7. centrarchid

    centrarchid Chicken Obsessed

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    I have not noticed health issues with adult birds that are associated with wet conditions in spring. That being said, foraging habits are very different during this time. The birds dig deep down into piles of detritus / organic matter, and spend a great deal of time picking through each exposed location before moving to the next. A lot of invertebrate eats (insects, crustaceans, worms, snails) have built up under frozen surface and they are growing fast. My birds really hit the moist areas with tussocks of grass. Quality of forage is very good as adult birds approaching heaviest weight of the year. Items consumed have high moisture content but also high protein.
     
  8. cavemanrich

    cavemanrich Overrun With Chickens

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    [​IMG]Thanks for clarifying the Bumble foot. I just know it is a NASTY that needs to be removed for chickens to walk normally. (from reading posts on the subject) I also thought that adult chickens should be resistant/immune to cocci. Thought that it is most dangerous to small chicks. [​IMG] I have never encountered ether , but always on the lookout. I always try to keep my chickens in dry areas if possible. [​IMG]
     
  9. Lizardlicks

    Lizardlicks Chillin' With My Peeps

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    If they free range, and they have a dry place to return to, I imagine they would do so if the wet got to be too much. Right now my birds are ruling my whole back yard, as the "door" to my run got snowed in in the open position (it was that or having to dig it out constantly just to enter my chicken run this winter) and enough has melted to let them get out and about again but not to unstick my door. They have certain places that love to hit up: under the maple tree where there is tons of leaf litter and presumably tasty bugs, under the mini trailer where there's bare, dry grass and dirt that's relatively dried out, and out in the open patch in the middle that's nearly all melted and has nice, fresh spring grass pushing up. When they get tired of foraging they go back to their dry, straw covered run to eat their regular feed, and then perch in the apple tree for a bit. Being able to free range means they can go to where ever they feel is the best spot and take care of themselves as they see fit. I trust them to know what they're doing during the day, and I would be more worried about birds that were stuck in one place during muddy spring conditions that didn't get a choice in the matter about where and when and how they want to forage and spend their time.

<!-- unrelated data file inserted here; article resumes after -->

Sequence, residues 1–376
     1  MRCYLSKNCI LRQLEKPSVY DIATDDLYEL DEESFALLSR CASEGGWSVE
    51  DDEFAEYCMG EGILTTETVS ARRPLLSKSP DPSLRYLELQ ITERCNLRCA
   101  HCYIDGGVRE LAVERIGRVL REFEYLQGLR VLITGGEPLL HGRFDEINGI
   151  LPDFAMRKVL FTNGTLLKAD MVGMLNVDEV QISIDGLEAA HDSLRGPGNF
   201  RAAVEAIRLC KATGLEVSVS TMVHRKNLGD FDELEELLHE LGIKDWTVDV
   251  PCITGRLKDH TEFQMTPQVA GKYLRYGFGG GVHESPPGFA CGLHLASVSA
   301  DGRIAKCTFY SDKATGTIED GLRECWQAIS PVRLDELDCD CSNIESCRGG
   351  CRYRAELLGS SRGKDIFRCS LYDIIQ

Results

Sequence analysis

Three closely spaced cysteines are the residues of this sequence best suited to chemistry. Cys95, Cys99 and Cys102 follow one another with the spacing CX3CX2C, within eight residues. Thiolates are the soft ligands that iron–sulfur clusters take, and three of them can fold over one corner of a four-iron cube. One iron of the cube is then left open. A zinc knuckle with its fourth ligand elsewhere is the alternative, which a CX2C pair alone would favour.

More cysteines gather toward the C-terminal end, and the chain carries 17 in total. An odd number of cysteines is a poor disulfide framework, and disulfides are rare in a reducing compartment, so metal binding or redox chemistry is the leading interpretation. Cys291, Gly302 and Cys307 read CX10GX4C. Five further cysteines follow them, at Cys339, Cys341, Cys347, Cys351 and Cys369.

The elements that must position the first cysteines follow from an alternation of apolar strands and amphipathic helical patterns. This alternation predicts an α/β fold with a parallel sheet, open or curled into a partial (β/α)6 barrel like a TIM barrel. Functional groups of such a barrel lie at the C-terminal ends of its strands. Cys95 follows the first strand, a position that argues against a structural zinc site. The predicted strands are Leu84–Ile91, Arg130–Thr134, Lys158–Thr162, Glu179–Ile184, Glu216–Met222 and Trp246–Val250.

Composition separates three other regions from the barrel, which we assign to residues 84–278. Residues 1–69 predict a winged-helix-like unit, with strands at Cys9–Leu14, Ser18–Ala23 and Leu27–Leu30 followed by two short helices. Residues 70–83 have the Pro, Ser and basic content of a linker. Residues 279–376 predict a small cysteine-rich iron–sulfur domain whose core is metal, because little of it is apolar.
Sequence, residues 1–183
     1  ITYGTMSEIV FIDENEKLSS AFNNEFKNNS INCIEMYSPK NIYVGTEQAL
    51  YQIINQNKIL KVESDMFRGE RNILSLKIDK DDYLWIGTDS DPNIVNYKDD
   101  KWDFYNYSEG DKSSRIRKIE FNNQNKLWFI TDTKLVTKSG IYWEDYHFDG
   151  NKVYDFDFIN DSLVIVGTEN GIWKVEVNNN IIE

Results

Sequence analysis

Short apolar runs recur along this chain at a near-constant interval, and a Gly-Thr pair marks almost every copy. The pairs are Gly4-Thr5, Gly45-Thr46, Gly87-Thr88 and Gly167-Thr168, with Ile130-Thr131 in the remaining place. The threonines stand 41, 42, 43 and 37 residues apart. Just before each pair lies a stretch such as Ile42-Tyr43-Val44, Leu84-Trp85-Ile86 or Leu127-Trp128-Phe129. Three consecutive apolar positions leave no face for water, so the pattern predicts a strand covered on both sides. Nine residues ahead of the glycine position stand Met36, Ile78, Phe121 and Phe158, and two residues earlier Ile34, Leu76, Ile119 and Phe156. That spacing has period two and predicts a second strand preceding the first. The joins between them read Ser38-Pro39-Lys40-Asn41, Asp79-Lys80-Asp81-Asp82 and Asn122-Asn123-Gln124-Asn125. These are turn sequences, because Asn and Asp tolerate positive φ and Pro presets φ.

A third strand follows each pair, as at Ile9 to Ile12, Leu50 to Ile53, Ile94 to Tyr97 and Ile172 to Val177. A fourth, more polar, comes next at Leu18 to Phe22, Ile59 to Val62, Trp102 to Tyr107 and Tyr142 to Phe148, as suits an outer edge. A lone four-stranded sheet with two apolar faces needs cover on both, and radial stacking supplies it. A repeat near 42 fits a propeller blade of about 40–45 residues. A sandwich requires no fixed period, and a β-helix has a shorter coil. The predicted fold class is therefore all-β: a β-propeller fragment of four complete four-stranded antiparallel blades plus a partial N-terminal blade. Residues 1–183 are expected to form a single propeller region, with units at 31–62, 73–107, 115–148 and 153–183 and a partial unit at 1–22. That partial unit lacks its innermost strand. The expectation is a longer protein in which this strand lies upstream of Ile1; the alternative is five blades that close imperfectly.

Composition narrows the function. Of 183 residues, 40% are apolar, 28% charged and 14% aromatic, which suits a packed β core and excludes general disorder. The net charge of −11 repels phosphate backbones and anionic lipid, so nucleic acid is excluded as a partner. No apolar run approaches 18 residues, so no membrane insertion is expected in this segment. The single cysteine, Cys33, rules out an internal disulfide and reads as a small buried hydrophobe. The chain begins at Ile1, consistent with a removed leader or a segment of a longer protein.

10. Madamedespoules

    Madamedespoules Out Of The Brooder

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    When let loose, their range includes a wetlands and woods in addition to our rather large yard. We have enclosed compost bins. They love to wander, but the last 2 Springs they have come down with things that have made them sick. I'm just not sure if it's from free ranging or just coincidental timing.